On 12-13th October 2018, The Centre for Experimental Social Science (CESS) at Nuffield College, Oxford and the Behavioral Science Unit (eMBeD) at the World Bank hosted a workshop on Measuring the Tricky Things at Nuffield College.
The workshop brought together scholars working on state-of-the-art measurement techniques for measuring things that are difficult to measure to share best practice. Speakers presented on studies to elicit attitudes, social norms, cognitive abilities, and behaviours that people prefer to hide, that are prone to social desirability bias, or that people are simply not aware of (e.g., social norms related to domestic violence, stereotypes and out-group biases across hostile groups, and dishonesty).
The workshop had an impressive line-up of speakers presenting their research and innovative measurement approaches. A full list of speakers and their presentation titles can be found below. Links to presentation slides, working papers, and published material have been included where possible.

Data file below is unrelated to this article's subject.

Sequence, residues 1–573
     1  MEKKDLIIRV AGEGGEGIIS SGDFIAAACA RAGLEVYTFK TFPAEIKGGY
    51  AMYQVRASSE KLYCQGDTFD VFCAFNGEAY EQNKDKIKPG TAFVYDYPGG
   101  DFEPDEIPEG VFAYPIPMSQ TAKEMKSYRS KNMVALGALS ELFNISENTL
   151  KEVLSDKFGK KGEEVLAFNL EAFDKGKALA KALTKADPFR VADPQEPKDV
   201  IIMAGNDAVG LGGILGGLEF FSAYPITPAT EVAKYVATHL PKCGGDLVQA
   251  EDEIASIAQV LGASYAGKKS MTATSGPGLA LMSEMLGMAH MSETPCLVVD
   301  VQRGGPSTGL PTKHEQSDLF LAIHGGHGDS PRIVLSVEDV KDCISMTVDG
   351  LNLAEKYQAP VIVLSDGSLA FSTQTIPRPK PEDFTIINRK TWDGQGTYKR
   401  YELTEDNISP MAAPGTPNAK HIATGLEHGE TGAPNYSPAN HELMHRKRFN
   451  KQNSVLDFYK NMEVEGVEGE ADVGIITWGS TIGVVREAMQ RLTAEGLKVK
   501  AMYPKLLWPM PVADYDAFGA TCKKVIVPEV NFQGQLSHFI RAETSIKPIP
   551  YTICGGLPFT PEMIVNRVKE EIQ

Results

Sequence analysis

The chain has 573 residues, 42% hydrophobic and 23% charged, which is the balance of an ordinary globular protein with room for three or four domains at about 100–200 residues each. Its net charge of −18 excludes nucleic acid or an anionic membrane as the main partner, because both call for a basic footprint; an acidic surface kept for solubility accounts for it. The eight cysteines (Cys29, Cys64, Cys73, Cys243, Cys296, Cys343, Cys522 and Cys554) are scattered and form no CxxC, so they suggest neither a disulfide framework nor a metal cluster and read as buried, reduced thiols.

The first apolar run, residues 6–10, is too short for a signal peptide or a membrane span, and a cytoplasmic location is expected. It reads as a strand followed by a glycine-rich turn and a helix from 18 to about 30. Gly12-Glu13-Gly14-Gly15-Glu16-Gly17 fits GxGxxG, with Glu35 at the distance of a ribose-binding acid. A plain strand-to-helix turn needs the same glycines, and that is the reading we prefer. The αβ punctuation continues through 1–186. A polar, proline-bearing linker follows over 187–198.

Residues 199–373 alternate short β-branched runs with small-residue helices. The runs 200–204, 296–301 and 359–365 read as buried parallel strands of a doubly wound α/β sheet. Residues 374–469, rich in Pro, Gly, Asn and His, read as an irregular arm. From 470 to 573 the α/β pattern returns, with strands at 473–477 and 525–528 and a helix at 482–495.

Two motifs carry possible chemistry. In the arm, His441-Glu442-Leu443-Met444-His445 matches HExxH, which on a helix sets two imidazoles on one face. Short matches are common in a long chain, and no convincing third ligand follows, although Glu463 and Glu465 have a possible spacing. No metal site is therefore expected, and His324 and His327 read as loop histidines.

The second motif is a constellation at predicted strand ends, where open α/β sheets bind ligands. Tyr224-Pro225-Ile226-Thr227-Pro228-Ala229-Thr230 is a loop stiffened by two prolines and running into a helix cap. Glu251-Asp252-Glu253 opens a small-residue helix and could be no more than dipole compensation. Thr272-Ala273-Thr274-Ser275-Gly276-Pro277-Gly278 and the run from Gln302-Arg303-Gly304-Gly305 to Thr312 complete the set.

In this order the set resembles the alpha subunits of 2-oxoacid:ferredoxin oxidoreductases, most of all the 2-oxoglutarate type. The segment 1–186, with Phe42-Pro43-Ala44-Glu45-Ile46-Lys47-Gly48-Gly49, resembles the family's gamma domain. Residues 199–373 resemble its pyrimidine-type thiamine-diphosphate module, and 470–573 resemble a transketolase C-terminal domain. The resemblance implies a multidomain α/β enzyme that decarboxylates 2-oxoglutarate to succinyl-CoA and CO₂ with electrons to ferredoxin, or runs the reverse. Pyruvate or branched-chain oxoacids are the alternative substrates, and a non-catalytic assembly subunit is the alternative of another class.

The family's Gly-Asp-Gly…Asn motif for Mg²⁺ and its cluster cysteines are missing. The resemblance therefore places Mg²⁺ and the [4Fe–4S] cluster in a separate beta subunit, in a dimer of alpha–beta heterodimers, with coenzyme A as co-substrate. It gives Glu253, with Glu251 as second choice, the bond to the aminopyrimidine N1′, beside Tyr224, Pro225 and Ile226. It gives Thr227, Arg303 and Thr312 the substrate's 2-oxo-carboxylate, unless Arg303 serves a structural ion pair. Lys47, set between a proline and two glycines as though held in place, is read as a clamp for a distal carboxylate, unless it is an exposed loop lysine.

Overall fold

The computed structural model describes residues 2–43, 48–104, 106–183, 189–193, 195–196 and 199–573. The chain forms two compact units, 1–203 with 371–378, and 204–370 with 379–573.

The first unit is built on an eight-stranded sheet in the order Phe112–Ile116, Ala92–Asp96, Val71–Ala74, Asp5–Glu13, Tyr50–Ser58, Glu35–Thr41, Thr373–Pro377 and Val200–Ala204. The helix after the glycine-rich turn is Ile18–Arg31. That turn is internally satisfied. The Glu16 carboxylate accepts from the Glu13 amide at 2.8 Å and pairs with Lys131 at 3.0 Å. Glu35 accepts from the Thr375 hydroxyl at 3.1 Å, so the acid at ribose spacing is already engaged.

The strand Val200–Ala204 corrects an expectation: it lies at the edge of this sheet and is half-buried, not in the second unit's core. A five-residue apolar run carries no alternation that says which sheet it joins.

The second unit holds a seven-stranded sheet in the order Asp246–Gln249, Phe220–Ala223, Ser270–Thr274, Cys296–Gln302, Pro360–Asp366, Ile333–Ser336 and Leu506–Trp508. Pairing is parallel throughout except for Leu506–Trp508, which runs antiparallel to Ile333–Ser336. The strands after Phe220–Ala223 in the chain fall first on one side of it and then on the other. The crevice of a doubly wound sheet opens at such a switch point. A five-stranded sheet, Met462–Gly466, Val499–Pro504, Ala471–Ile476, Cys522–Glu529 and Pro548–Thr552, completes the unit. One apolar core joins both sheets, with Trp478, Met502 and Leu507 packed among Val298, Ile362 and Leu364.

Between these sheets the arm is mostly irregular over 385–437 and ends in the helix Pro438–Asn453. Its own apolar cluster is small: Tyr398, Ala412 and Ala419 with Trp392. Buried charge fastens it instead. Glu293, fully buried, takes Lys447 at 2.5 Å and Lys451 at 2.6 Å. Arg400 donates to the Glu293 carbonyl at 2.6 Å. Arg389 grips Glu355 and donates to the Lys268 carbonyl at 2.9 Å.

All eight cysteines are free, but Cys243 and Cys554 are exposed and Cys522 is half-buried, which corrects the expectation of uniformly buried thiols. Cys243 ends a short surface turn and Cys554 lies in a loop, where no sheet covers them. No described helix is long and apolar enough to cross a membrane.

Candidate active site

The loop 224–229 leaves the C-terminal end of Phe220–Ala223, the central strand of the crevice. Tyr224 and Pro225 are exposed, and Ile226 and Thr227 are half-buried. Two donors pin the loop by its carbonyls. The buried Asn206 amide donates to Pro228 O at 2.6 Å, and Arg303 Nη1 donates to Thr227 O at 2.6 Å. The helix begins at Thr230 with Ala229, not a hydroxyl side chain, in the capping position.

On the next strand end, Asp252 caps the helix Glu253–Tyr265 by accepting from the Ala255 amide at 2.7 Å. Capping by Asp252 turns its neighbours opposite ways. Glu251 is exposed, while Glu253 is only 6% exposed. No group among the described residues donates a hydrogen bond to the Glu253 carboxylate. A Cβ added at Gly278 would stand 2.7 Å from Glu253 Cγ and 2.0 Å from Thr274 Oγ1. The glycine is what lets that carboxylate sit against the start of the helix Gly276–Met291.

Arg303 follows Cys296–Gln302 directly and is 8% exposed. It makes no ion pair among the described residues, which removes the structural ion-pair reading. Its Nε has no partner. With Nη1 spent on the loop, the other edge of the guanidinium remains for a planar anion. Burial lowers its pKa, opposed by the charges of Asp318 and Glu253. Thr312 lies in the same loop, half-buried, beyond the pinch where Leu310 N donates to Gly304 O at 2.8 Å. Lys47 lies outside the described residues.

Susan Fiske – “Measuring Subtle Bias: Ambivalent Stereotypes, Prejudices, and Discrimination” | download paper
Karla Hoff – “Measuring Cultural Influences on Preferences” | download paper
Ryan Enos – “Conservatism and Fairness in Contemporary Politics: Unpacking the Psychological Underpinnings of Modern Racism” | download paper
Rachel Glennerster – “Reducing Social Desirability Bias in Measurement: Practical Tips” | download paper
Varun Gauri – “Measuring Social Norms: Women’s Labor Foce Participation in Jordan”
Julian Jamison – “Item-Count Techniques 2.0” | download paper
Henry Travers – “Using Experimental Methods to Measure Involvement in Illegal Wildlife Trade and Response to Policies” | download paper
Armin Falk – “Reliability and Validity of Non-Cognitive Measures in Household Surveys – Multicountry Evidence Using the BIG-5 Personality Measures” | Global Preferences Survey
Anandi Mani – “Cognitive Droughts”
Sheheryar Banuri – “Encouraging Service Delivery to the Hard-to-Serve: Healthcare Professional, Pecuniary Incentives, and Pro-Poor Motivation” | download paper
CESS would like to thank all speakers for sharing their research and all participants for contributing to lively debates. We thank James Walsh, Blavatnik School of Government and the World Bank’s Behavioural Science Unit eMBeD, and Sonja Vogt, Institute of Sociology at the University of Bern and CESS, for organizing the workshop.
We hope that you have all become a little wiser on how to measure the tricky things.
Below is a gallery from the workshop.